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Between Two Worlds: Alexander McKee Town & Gown Presentation
October 21 @ 7:00 pm - 8:00 pm
Alexander McKee was a man caught between two worlds. Dissatisfied with the colonials during the Revolutionary War, he and the Girty brothers, Simon, James, and George, offered their services to the British. As a young man, he began working with traders who did business with the Indians of the Ohio country. He was twice married to Native American wives. He developed a lifelong relationship with the Shawnee and other Ohio Indian tribes. McKee worked closely with the British at Detroit and was labeled a traitor by the colonists.
As part of Britain’s Crown Indian Department, McKee established a series of trading posts in the Maumee River valley. The main trading post was located near the future site of Perrysburg, Ohio. McKee and Matthew Elliot built a trading post at the “Glaize,” the confluence of the Maumee and Auglaize rivers. The post consisted of two log structures enclosed by picketed walls. James Girty, of the Girty brothers, was an occasional visitor. McKee used the posts to pass out gifts to the area’s Native Americans in order to ensure their loyalty to the British during the 1780s to the early 1790s. Anthony Wayne destroyed both trading posts along with many Native American villages and their crops after his victory over the Indian Confederation at the Battle of Fallen Timbers, August 20, 1794.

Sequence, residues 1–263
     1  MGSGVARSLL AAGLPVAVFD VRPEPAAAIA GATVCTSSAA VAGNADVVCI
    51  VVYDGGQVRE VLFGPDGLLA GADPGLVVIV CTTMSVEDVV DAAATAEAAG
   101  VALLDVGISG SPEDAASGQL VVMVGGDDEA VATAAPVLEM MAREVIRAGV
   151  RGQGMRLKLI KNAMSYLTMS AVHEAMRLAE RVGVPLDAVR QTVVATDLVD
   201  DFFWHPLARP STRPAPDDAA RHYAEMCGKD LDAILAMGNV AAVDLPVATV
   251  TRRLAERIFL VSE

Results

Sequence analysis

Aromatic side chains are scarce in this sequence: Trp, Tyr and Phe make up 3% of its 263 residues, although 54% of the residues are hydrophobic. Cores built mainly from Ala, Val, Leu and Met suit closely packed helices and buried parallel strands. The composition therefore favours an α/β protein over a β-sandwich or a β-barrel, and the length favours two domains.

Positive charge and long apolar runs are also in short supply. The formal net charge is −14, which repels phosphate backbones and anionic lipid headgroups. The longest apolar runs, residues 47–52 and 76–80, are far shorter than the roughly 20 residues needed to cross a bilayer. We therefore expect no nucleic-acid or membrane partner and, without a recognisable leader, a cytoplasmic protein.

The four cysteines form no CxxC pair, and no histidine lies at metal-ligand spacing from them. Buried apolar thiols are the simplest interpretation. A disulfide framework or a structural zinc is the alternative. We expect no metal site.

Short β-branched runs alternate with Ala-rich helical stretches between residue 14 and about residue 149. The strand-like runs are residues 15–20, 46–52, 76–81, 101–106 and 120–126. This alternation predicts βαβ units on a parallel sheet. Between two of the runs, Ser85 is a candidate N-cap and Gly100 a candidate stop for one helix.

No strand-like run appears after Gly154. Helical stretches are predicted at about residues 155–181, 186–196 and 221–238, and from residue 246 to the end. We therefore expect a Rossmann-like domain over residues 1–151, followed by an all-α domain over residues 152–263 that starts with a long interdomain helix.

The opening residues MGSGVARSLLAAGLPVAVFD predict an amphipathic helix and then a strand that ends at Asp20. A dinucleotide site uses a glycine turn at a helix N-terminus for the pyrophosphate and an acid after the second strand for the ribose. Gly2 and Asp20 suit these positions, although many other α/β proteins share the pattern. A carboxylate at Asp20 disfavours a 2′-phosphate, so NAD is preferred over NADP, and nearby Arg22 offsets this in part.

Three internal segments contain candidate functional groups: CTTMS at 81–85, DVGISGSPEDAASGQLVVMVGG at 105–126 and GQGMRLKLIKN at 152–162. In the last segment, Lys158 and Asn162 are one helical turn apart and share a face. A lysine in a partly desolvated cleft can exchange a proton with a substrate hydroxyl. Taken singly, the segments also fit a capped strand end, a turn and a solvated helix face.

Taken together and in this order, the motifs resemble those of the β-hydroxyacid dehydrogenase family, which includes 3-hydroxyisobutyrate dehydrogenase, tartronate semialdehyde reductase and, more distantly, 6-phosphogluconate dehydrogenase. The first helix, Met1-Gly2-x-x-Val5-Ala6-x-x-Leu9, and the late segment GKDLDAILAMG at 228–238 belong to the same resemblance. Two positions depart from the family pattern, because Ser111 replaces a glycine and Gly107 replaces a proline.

The Tuttle Museum welcomes Dave Westrick back as a presenter whose first program highlighted the life of Simon Girty. Westrick is from Maumee, Ohio, and is a retired communications consultant and historical researcher specializing in the 1794 era. He is a former president of the Fallen Timbers Battlefield Preservation Commission. He has worked to preserve the battlefield and the Fort Miami’s National Historical sites for almost twenty years.
The free Town & Gown program will be presented at the Stroede Center for the Arts, located at the corner of Third Street and Wayne Avenue. The Thursday, October 21, program begins at 7:00 pm. Masks are required. An easy access entrance is located on the Third Street side of the building.
The Town & Gown series is sponsored by the Andrew L. Tuttle Memorial Museum. The Tuttle is located at 514 West Third Street. The museum is open and free to the public 10:00 a.m. to 4:00 p.m. each Thursday, and 1:00 p.m. to 4:00 P.M. the first Sunday of each month. It is closed on holidays. Follow the Tuttle Museum on Facebook or at www.tuttlemuseum.com. Contact the museum at firstname.lastname@example.org or call 419-782-0746.